History was made at the United Nations today, when the UN’s Commission for Narcotic Drugs narrowly voted to remove cannabis from a list of drugs previously judged to have little-to-no medicinal benefits. Vice reports that in a 27 to 25 vote victory, the US and UN cast the final two deciding votes to now officially remove cannabis from Schedule IV of the 1961 Single Convention on Narcotic Drugs — potentially opening up the plant to increased medicinal access throughout Europe, along with additional scientific research.
Translation: Your stoner cousin was right — weed is medicine. And now we’re a significant step closer to being able to get the type of research funded that will tell us precisely how it’s best used. The legal status of cannabis has always been a major hurdle when it comes to funding meaningful scientific research studying the long term medicinal benefits of THC, so the United Nations recognizing the medical value of weed remedies some of the unjust prejudice that has been unfairly placed on the plant, despite the historical use of cannabis as a medicine that stretches back to ancient Greece and Egypt. And, as we’ve covered before, medicinal recognition leads to medical legalization which always, always leads to eventual recreational legalization. So this move is a big win for weed worldwide.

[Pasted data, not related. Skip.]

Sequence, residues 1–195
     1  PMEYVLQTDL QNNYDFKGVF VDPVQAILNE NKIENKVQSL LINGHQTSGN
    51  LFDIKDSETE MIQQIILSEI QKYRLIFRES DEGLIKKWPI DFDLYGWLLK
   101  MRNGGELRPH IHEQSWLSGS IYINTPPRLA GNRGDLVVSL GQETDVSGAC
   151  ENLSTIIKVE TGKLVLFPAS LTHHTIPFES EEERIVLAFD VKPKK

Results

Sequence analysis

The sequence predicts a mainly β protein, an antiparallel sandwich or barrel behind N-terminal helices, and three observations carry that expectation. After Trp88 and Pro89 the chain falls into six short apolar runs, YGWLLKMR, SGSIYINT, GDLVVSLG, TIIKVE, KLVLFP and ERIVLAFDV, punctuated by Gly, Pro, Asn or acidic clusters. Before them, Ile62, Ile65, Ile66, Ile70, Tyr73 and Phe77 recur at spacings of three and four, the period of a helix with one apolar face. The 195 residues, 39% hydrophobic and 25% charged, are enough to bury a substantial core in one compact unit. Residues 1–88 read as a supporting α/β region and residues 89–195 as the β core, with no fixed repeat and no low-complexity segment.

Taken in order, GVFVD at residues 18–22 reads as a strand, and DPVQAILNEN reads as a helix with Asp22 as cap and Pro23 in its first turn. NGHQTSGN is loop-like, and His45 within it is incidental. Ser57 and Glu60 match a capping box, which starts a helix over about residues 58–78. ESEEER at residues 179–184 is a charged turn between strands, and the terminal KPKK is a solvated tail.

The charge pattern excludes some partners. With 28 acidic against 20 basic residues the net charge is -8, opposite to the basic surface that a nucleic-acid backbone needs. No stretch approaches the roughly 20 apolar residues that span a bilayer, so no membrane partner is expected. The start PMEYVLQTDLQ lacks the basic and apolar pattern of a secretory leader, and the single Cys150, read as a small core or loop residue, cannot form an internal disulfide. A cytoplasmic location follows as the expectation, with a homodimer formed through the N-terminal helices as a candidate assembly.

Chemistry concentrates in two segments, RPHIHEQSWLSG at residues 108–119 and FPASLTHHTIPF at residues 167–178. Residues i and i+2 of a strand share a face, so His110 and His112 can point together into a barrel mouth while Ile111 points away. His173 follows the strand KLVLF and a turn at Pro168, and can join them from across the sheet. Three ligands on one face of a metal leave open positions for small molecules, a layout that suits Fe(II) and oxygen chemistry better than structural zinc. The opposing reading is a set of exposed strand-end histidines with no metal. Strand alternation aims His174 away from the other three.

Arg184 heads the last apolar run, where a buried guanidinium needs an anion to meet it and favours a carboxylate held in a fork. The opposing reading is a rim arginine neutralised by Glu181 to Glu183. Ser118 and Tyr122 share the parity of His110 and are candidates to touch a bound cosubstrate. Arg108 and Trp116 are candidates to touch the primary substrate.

To date, 50 countries worldwide have adopted medicinal cannabis programs, and the plant is now fully legal in Canada, Uruguay, and 15 US states. Mexico and Luxembourg are also expected to join the countries that have legalized weed in the near future, with the vote passing Mexico’s senate just days ago.